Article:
With this post we are pleased to introduce you to Chelsea Jackson, who has begun working with PA IPL as a short-term Project Coordinator, supporting constituents who are raising hopes and concerns about clean energy, climate change and the health of our Common Home with their legislators at Town Halls during the August Congressional Recess.
Chelsea writes “For the past four years I have served as an assistant pastor at a United Methodist Church in New Jersey, where I worked diligently to center faith-rooted conversation about climate change, and encourage the congregation I was serving to help protect the environment. Earth care inspired many of the sermons I wrote, trips I planned and the two community Eco-Art Shows I created and curated. As a person of faith I believe there to be a direct connection to how people view God and how they treat all of Creation, and I continuously tried to help my congregation see and make those connections for themselves. Therefore, to understand me as a person of faith who clings tightly to Earth care, it may be easiest for you to dive into one of my sermons. Below are excerpts of a sermon I wrote for the 2015 Interfaith Power & Light Preach-In. The sermon was met with both thankfulness and angry outbursts. Still: the most important thing was that it felt like a spirit-gifted message that needed to be said. Please enjoy:
It’s no secret the Christian and Jewish Scriptures begin with the creation of the world, this ordering of Chaos into water and earth, light and dark, human and non-human creatures, and it is this Creation as a collective whole, that God deems ‘very good.’
The early Genesis story, along with countless other Bible passages, reveals that God is in relationship with the Earth itself, and often cloaks God’s-self with the Earth when interacting with humans. For example, we see God emerge in fire, in a windstorm, a burning bush, as light or at the top of a mountain. In these instances, as in so many others, it’s as if the Earth is a form of God’s expression; like a piece of art, and we often look at art as a part of the artist who made it. We understand a painting isn’t the actual artist, but is rather an extension of who they are. An imprint of the artist is in the art s/he creates, that is part of what makes it so beautiful and powerful.
What if it was the same with God? What if we looked at not only humans, but also the Earth, as made in the image of God, as an extension of God’s-self? How would we treat the Earth differently?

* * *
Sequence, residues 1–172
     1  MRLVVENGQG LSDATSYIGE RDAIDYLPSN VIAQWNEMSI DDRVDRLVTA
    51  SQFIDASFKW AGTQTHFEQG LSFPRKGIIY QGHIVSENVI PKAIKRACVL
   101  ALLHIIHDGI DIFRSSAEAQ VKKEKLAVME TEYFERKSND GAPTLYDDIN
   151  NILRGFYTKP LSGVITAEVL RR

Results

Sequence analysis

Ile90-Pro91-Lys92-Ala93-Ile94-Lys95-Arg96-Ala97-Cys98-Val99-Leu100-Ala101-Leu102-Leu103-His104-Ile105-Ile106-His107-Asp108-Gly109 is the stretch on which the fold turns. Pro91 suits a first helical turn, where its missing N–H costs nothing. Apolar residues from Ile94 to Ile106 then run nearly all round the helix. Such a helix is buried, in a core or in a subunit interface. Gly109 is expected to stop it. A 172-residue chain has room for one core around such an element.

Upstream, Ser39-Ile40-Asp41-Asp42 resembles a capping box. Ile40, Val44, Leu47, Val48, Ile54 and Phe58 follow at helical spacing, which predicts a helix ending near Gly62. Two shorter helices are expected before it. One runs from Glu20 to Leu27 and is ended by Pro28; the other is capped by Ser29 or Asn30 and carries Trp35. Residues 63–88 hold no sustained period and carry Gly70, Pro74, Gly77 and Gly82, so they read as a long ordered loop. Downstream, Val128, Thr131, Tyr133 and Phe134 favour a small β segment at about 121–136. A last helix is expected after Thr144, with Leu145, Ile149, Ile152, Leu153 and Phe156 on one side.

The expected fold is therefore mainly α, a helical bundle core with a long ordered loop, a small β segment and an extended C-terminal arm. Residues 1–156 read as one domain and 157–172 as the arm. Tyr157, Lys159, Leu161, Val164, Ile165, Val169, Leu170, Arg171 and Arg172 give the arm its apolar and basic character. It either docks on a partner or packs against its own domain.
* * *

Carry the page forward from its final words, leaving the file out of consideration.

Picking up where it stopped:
Would it change how often I drive my car? How I use energy in my house? Would it change how I interact with politics or how I raise my children?
Would it change how I act as a consumer? Where I buy from? How much I buy? I mean everything we buy was at one time part of the natural Earth in some way; part of the original artwork of God. And though using the Earth for provision is indeed necessary for our survival, when does production or consumption become empty of purpose, empty of thoughtfulness or meaning?
If we dig deeper, recognizing God’s imprint on Creation would influence how we eat. The most intimate way we interact with the Earth is how we use it to nourish ourselves; how we partake in, and literally internalize its provision. That’s why it is so important to learn where our food comes from, and how both our plant and animal based food is raised. Is it done in a humane, safe way that recognizes God’s artistry, or is it disrespectful and even damaging to the original work of art?
One of my professors really brought this point home when she talked about Communion and asked what it meant to partake in the body and blood of Christ when the grain was grown with pesticides or the grapes were farmed by someone who did not receive a fair wage? How does it change the meaning of this sacrament meant to be loving and liberating?
These are all important and very difficult questions. And when faced with them we can respond in a variety of ways.
1. We can become defensive:
When faced with the reality of climate change and all the ways poor environmental practices permeate our lives, we can automatically list off reasons why we can’t change our interaction with the Earth, including: “changing the way we do things is too hard,” “it would mess up the economy,” “climate change isn’t that serious and won’t affect us much in the U.S.”
All of these claims are not only false, they also ignore the larger issues at hand. The fact is that real change is not a luxury at this point, we must change if we want to ensure survival for even generations 100 years down the road.
But even if we don’t want to focus on the impact of climate change on the future, another problem remains; treating climate change as a non-pressing issue means denying the reality, humanity, dignity and worth of the individuals and communities being affected right now. Continue reading